Possessing a genome sequence goes only a small part of the way to understanding Neanderthal (or Denisovan) anatomy, physiology, ecology, behavior and evolution.

For example, the same gene mutation sequence might appear in the genome of Neanderthals and modern humans, but it may express different proteins in one species compared to the other, or may even be non-functional in either or both. So, its presence may not mean very much at all.

As tempting as it is to mine into the genome of these ancient hominins for simple answers to their – even our – evolution, we must be careful to resist the seductive simplicity of reductionism.

The idea of interbreeding has itself been around for some time – more than 100 years in fact – in varying guises, and is sometimes couched in terms like “degeneration,” “reticulation” or “assimilation”.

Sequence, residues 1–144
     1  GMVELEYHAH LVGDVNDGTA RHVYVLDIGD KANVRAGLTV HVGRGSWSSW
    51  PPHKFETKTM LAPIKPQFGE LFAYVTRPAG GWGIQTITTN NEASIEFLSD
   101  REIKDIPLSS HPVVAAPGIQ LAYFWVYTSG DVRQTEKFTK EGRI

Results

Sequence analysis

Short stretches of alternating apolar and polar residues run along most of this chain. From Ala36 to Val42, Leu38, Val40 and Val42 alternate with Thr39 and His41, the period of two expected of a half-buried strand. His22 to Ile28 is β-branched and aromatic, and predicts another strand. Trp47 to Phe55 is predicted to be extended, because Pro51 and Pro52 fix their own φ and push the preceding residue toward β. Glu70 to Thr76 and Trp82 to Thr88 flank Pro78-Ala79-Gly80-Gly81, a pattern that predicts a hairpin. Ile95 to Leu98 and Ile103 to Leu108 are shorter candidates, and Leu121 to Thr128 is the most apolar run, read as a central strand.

Yet, these terms have often come to mean interbreeding between long isolated (divergent) subspecies in human evolution, as was the view of my late postdoctoral supervisor Phillip Tobias.

He felt that Homo erectus, modern Homo sapiens, and everything in between, were simply subspecies (i.e. temporal or geographic variants of a very long lived single species, Homo sapiens).

Interbreeding on a large scale lies at the core of the so-called “Assimilation” hypothesis set out in the 1980s by Fred Smith and others to explain the origin of modern humans. It’s an idea that budded off from the “Multiregional” scenario developed by Wolpoff, Thorne and Wu in the early 1980s. The key difference is the strongly dominant role Africa played in our evolution, recognised in the former idea, not the latter.